Societal Views on Prostitution
Contagious Diseases Acts & Middle Class Campaign
Why Victorian Women Became Prostitutes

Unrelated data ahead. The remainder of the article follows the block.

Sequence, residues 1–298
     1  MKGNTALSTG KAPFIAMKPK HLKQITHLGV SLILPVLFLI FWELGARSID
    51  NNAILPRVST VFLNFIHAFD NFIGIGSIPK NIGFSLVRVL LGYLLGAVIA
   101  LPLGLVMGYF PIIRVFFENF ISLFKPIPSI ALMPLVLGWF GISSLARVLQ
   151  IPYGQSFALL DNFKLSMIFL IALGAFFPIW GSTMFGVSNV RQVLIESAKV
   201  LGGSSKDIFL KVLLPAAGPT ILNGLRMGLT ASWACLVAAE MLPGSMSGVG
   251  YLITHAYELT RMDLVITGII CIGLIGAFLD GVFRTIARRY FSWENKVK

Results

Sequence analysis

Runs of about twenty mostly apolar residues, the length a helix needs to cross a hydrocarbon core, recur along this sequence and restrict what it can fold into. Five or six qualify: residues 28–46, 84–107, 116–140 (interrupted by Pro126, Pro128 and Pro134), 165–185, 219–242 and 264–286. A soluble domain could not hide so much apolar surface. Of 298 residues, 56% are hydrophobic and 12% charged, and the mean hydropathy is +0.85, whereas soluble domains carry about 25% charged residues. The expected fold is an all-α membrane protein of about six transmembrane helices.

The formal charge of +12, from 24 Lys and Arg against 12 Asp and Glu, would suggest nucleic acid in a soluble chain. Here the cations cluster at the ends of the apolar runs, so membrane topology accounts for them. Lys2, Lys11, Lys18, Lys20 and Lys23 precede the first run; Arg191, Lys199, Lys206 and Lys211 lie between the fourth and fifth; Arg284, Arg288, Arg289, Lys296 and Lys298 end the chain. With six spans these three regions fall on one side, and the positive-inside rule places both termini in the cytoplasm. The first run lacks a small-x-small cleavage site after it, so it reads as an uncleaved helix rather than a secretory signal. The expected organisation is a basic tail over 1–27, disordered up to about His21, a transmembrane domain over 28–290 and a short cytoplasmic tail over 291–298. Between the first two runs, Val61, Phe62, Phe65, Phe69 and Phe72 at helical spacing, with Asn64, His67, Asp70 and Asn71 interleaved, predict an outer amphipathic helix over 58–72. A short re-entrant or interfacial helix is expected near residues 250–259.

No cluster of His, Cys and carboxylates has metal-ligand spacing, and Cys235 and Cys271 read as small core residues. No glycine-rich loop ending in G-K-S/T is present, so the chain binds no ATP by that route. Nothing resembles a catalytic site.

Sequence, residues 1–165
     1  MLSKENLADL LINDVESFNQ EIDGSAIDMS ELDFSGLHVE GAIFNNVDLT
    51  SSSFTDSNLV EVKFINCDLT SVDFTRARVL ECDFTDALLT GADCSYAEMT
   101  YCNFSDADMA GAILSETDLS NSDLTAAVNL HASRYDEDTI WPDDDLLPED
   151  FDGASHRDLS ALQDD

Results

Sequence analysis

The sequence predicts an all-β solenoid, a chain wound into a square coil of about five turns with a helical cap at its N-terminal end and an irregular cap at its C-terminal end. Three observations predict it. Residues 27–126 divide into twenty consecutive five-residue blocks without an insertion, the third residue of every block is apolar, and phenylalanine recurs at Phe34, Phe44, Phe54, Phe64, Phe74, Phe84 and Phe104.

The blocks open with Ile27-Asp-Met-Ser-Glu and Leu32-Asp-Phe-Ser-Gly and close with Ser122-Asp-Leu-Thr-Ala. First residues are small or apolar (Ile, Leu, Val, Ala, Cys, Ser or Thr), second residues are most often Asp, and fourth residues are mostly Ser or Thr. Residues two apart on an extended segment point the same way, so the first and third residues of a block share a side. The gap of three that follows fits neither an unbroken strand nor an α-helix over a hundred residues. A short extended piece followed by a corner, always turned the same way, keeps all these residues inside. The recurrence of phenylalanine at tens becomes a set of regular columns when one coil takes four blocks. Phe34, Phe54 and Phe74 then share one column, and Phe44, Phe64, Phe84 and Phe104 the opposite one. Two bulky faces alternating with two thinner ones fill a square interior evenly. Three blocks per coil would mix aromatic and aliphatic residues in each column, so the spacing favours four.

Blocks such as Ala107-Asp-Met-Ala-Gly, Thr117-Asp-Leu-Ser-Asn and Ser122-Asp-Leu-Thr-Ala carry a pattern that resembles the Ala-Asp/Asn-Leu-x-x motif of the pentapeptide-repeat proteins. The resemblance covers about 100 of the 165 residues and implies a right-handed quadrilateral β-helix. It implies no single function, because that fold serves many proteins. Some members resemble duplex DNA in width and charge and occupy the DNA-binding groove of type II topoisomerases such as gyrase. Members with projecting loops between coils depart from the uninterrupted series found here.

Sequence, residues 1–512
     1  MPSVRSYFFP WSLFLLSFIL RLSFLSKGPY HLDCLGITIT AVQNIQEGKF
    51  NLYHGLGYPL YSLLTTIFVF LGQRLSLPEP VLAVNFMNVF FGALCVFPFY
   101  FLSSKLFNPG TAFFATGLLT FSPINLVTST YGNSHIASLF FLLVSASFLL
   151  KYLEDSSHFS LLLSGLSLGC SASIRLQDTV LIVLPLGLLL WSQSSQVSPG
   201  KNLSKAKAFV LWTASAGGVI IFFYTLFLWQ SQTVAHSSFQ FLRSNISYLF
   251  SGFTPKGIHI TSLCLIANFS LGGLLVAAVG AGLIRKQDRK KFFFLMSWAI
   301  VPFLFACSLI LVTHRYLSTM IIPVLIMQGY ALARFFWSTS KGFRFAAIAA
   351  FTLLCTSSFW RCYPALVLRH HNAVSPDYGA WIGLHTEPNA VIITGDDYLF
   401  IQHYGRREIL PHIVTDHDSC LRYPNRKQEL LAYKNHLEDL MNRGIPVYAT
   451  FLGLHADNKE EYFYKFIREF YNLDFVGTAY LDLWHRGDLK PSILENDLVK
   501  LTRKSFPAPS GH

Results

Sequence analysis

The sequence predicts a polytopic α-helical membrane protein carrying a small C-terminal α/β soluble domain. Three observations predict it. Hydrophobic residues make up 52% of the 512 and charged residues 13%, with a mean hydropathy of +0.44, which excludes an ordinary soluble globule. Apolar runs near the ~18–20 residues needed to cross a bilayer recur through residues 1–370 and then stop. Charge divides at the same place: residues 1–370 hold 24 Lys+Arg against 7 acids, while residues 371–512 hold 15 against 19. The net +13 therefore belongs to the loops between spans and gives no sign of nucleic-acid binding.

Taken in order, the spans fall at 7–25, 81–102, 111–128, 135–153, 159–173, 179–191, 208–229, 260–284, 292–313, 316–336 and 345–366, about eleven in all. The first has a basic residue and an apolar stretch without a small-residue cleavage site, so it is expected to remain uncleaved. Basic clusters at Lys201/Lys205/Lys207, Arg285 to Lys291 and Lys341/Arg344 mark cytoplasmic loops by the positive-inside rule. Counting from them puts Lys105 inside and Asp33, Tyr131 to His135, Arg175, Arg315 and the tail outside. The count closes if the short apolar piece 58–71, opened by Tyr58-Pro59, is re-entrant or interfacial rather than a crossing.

Poor social conditions for many women in the Victorian period caused many young teenagers and women to turn towards prostitution as a means of survival. Research on prostitution expanded and developed throughout the nineteenth century. Dr. William Sanger, one of the foremost researchers on prostitution during this period, is still highly esteemed due to his work's accuracy and depth. Sanger examined the identity of the average prostitute and sought to understand why prostitutes became prostitutes. He found that the majority of prostitutes were in their late teens or early twenties and were usually illiterate, poor, and from broken families. Economic poverty, societal disgrace and a lack of education were also found as causes for the girls' turn towards prostitution. Some women had either been expelled from their homes or deserted by their parents and found prostitution to be the only way to support themselves. Other girls were forced into prostitution in order to help their families to survive. Still other girls, who had worked as domestics or servants, were forced into prostitution because their masters had seduced them, before being abandoned. However, a number of women turned to prostitution simply because they saw it as an escape from typical professions. Immigrant women who had arrived to the country without money or were forcibly immigrated had only prostitution to turn to in order to support themselves. Regardless of circumstance, many of the girls only expected to prostitute themselves until something better became available.


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